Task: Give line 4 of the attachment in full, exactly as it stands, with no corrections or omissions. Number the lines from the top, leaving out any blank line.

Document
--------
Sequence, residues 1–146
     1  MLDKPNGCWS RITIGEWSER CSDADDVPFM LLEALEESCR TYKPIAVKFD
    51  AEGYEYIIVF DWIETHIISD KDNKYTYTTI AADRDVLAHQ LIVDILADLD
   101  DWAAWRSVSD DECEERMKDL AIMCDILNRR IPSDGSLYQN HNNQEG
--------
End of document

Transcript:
   101  DWAAWRSVSD DECEERMKDL AIMCDILNRR IPSDGSLYQN HNNQEG